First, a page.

I'm about a decade older than you (early 30s) and have been investing since my 20s. I started off with ETFs but for the longest time had some money if stock pick with. Now all my money is in ETFs.
It's not the most expensive lesson, but one you will no doubt learn in time. The stocks I picked just underperformed. None tanked but they didn't do as well as the ETFs. So why bother?
Rationally, no, there's never a situation where stockpicking is a good idea.
Yes, some people have gotten wildly lucky and made fortunes. People have also made fortunes playing the lottery or the casino. Does change the fact that the statistical expected value is negative in both cases.
Some people keep a few percent of their portfolio as play money to pick stocks. It's not rational, but it keeps them from doing stupid stuff with the rest of the portfolio.
- keep it in cash, and lose 1-2% per year.
- put it in mutual funds, and pay 1-2% per year in fees, vs. buying broad, conservative market ETFs.
- "their house, their rules" is perfectly reasonable as far as expecting you to mow the lawn or take your turn cleaning the bathroom, but gives them zero control over the money in your bank account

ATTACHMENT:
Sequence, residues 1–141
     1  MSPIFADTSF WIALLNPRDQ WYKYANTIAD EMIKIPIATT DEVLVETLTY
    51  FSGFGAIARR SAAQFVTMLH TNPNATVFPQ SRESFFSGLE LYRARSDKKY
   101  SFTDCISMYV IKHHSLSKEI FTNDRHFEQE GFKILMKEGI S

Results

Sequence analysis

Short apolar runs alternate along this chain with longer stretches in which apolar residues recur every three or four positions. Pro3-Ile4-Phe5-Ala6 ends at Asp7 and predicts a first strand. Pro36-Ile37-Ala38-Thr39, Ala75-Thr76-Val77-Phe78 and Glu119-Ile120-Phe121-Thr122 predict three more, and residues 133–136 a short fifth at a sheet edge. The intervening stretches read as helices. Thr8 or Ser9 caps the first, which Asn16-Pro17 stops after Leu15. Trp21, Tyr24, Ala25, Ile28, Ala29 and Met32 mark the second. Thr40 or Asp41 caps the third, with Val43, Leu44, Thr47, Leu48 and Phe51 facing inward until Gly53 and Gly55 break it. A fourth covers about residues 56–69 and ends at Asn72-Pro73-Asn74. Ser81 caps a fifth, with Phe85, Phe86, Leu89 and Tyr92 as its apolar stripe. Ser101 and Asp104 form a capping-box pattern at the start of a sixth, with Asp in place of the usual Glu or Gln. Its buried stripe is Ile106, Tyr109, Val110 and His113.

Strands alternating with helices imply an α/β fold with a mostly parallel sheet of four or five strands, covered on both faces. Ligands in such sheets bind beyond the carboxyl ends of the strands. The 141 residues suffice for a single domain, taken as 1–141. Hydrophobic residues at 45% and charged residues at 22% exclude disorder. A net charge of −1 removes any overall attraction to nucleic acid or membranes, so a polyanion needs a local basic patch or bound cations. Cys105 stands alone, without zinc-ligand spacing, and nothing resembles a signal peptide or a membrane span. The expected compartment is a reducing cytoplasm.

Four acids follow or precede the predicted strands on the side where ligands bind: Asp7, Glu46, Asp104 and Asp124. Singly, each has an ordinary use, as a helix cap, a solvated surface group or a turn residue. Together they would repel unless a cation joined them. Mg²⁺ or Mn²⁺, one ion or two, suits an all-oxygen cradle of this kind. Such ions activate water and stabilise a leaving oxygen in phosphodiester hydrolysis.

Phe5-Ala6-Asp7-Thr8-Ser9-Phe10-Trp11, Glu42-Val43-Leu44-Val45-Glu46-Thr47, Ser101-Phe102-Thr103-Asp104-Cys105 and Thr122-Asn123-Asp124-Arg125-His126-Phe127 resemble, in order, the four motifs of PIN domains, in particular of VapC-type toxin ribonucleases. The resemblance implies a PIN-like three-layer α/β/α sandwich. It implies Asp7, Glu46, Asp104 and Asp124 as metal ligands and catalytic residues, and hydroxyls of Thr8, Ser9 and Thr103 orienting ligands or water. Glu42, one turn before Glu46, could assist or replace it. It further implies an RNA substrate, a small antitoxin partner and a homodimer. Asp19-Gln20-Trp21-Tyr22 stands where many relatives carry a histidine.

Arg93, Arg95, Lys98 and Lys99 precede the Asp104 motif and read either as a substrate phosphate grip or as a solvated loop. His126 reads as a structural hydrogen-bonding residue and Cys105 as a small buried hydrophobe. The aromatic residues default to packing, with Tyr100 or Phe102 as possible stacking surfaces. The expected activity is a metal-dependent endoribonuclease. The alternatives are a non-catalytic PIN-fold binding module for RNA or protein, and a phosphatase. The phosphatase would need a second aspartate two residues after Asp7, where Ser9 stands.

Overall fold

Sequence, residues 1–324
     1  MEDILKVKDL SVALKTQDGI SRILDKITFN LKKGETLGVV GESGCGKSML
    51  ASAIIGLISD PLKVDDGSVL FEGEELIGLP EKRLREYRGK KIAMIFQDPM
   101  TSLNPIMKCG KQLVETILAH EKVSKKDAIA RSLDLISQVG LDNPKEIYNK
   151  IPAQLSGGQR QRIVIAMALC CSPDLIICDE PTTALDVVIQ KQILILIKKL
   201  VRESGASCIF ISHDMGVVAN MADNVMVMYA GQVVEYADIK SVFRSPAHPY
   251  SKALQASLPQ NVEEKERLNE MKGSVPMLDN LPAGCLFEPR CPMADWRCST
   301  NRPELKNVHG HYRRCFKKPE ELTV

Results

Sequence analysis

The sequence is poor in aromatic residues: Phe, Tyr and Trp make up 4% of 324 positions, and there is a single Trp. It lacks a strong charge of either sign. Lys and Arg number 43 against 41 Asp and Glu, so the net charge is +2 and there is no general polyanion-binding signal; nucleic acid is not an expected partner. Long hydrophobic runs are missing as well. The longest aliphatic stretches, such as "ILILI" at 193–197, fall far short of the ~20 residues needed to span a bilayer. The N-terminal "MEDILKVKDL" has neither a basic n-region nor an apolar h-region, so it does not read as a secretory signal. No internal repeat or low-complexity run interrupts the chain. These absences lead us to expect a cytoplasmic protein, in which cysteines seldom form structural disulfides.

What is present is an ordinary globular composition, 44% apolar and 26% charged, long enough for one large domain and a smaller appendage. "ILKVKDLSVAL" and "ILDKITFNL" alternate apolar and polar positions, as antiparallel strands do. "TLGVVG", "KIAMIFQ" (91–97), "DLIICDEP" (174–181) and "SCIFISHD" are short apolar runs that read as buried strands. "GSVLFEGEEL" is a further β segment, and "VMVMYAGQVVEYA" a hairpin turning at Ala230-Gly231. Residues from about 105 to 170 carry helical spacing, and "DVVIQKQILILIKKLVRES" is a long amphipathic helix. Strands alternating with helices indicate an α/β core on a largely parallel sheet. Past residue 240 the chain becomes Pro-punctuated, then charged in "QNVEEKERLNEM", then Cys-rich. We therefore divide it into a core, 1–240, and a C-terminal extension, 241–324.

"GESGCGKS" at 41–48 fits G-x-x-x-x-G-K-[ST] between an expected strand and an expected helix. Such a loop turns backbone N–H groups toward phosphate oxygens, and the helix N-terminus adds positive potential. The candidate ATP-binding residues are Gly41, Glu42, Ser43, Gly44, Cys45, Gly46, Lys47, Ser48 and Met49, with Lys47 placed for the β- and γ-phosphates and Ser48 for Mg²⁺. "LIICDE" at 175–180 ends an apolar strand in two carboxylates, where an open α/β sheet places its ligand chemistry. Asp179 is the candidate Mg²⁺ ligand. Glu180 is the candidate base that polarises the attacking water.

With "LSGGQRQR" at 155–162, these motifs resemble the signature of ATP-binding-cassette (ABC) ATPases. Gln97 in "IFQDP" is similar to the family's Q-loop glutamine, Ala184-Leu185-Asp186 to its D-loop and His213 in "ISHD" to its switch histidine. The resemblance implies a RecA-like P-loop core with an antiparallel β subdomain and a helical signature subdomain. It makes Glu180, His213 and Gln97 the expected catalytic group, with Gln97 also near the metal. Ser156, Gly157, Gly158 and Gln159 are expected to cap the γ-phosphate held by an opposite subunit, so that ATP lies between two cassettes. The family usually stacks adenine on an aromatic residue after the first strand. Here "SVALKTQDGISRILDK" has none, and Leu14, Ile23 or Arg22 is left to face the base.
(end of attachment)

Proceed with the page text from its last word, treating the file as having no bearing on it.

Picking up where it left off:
- Listen to FelixYYZ, he's right.
imo high inflation is more likely than market crash, but either way "time in the market.."
Yes exactlyyy. I have been telling them this for the past four years and now I have lost four years of time from listening to their nonsense lol.
You should listen to yourself then, and stop listening to your parents. You have repeatedly said your parents are wrong, you have missed out on so many years in the market, you have a plan but they don't like it etc etc.
Do something about it then. Someone is going to be unhappy: either its you because you keep living under their thumb, or your parents because you are taking steps towards independence. The choice is yours - don't blame your parents when you weren't willing to follow your own wishes.
Move out. Privacy is worth every penny.
I would say that it's their house, I agree fully with that, but it's also completely your money and your future, so the decision of what to do with the money is ultimately yours; nobody can take that away from you.